Police sport-hunting, conservative mass shootings, and attempted bombings are not taken to be major events that require a fundamental structural change of society like, say, the 2019 mass shootings in Christchurch mosques did in New Zealand, or 9/11. Neither do they occur in the revolutionary atmosphere of the 1960s, which threatened to ignite incidents like the 16th Street Baptist Church bombings or a traffic stop in Watts, 1965 into a galvanizing moment. They are “another one,” merely part of the banality of life in American racism. To be sure, resignation, sarcasm and rolled eyes are political and important performances of resistance. But they are often the weapons of the dominated against the dominating. When that domination means atrocity so frequent its reporting becomes tedious, and tens of thousands of disproportionately Black Covid-19 deaths are responded to with a sigh; when political speech about the racial disparities that have meant mass graves carry no imperative; when the jails and prisons and other warehouses of resistance have now achieved the contamination levels of the slave ship’s hold, we are (as we have always been) at the “break the glass in case of emergency” stage of Anti-Blackness in the colony. Interpretive frameworks need refreshing, and it is time to consider what other toolboxes beyond those of performed distaste can be accessed.
There are other spaces of subalternity, other genealogical strands of African-American intellectual history that need to be made more visible and accessed more often at this moment. There are radically divergent trajectories in African-American history that should not be generalized as the story of a single community. Especially if the purpose of such generalizing is to tie the figure of that invented community to the state. Through the fictive ethnicity “Black folk,” scholars like Michael Eric Dyson can represent Black people of diverse political views as “critically-patriotic” and in a “ ” 1 with America. In so doing they are able to render invisible other historical communities of Black people that were and are no such thing. My appeal? End this invisibility. Bring the maroon to the foreground in African-American intellectual history.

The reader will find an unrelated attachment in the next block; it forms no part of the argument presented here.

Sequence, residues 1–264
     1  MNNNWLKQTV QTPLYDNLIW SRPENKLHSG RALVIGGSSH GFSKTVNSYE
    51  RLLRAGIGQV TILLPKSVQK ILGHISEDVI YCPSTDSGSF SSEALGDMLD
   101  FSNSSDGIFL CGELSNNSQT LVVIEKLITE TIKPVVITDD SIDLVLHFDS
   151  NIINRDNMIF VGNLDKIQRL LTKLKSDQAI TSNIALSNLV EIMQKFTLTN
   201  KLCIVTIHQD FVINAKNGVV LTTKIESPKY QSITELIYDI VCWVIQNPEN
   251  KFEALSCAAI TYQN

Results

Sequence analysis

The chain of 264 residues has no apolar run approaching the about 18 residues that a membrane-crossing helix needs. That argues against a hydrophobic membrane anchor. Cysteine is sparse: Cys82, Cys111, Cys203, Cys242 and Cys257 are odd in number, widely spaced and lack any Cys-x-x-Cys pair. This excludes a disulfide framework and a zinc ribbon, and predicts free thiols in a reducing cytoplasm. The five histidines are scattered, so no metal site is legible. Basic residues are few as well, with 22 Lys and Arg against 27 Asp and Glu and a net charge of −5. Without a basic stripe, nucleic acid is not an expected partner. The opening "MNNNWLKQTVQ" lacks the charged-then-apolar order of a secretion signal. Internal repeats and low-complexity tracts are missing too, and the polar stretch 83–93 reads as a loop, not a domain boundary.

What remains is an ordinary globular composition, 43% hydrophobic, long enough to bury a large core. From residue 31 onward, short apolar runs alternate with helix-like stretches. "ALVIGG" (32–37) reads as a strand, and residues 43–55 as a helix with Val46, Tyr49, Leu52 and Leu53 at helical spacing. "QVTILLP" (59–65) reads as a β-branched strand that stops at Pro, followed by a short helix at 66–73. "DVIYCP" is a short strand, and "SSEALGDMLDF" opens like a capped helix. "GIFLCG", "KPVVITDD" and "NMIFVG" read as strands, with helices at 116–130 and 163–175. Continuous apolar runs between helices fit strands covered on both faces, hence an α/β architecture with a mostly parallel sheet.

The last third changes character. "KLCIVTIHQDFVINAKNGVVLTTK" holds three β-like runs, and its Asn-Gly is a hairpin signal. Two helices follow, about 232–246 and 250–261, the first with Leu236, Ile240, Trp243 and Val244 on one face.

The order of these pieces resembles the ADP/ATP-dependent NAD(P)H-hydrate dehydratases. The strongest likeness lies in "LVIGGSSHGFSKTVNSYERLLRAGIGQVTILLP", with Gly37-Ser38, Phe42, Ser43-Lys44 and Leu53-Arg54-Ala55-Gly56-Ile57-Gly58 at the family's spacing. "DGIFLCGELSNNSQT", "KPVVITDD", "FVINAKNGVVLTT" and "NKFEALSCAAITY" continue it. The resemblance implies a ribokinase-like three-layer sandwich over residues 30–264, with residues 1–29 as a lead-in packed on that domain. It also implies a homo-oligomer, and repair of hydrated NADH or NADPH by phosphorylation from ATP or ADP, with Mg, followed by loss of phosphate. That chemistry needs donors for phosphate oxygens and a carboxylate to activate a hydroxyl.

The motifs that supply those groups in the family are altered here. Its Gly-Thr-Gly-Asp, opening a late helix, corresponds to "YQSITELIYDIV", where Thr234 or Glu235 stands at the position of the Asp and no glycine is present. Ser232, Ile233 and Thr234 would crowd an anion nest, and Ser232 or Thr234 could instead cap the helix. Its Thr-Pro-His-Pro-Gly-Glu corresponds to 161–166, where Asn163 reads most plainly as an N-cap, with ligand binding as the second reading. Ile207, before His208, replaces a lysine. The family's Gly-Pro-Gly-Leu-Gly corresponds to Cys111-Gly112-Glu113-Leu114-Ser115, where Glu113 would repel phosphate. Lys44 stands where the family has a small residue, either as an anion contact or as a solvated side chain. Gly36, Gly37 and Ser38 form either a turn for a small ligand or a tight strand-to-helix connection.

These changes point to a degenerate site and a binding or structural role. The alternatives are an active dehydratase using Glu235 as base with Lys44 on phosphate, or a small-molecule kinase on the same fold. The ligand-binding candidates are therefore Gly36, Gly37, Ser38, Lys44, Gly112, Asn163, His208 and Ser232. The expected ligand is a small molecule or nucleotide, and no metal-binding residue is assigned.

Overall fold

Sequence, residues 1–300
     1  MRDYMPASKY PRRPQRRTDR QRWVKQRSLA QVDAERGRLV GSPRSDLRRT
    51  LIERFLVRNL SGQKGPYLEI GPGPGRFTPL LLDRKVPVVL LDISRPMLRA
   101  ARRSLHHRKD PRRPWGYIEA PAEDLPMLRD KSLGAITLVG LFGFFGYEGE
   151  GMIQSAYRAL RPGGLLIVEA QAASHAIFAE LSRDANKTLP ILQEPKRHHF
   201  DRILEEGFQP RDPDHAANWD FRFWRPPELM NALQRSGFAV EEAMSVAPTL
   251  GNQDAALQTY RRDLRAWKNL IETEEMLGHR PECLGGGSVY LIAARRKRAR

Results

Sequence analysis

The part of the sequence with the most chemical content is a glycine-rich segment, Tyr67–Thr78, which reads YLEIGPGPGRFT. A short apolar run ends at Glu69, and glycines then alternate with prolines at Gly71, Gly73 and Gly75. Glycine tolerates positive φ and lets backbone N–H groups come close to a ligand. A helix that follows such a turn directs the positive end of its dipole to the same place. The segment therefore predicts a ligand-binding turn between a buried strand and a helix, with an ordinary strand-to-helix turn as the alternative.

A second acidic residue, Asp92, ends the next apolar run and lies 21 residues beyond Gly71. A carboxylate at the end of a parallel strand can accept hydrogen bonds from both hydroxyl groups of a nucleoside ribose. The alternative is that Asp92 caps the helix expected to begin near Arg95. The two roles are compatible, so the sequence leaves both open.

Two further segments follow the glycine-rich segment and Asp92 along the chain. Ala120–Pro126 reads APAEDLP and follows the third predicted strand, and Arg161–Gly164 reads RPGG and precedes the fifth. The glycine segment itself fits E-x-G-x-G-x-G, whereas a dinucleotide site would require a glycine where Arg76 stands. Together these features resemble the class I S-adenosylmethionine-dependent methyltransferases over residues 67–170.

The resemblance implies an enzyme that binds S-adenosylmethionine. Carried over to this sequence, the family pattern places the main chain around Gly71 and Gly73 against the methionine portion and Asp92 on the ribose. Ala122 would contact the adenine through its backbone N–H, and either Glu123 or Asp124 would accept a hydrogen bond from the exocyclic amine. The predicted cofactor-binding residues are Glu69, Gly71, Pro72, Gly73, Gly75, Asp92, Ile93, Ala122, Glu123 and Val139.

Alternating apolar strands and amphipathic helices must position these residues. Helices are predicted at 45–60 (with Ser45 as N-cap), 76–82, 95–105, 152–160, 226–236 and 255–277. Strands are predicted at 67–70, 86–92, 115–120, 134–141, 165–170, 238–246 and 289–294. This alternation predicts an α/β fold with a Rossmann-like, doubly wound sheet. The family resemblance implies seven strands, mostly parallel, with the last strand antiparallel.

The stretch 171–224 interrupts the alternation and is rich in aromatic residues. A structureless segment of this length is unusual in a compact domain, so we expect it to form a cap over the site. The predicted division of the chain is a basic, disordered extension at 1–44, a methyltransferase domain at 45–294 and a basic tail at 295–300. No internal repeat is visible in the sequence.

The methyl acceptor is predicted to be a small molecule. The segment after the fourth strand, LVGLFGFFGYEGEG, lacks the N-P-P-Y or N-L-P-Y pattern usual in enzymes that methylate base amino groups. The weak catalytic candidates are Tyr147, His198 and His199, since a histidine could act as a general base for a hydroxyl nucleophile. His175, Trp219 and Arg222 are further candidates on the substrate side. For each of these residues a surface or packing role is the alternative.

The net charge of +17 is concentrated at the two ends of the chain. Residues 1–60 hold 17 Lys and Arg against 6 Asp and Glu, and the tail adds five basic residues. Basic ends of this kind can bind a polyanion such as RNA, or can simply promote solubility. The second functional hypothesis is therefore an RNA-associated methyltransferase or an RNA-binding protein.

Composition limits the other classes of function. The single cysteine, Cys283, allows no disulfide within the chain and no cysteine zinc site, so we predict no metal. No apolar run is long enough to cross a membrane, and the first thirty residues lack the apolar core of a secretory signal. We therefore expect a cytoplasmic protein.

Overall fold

Marronage, as a politics, does not hold the state’s feet to the fire — at least not in the hopes that it will be improved. It does not think or hope the state will one day get better. Indeed, Black marronage, is by definition the escape from the central spaces of the white supremacist order, a voting with the feet, is an expression of a fundamental pessimism about the colony’s capacity to improve and to do so in a timely fashion. Maroon politics recognizes the fugitive’s inability to overturn the state of things and so flees to spaces where it is possible to live outside of the reach of racist power. Or, flees and retreats to a better position. 2 In fleeing there is also recognition of settler-colonialism’s incapacity to rid itself of its founding ideology: racist violence. This incapacity, of course, is in liberal ideology 3 represented as a series of “failures.” America is perpetually “failing Black communities,” “failing Black patients,” “failing Black voters,” “failing Black students” etc. Representing incapacity as failure implies the possibility of eventual success. It works to encourage Black resistance back onto the hamster wheel. The maroon is Sisyphus escaped.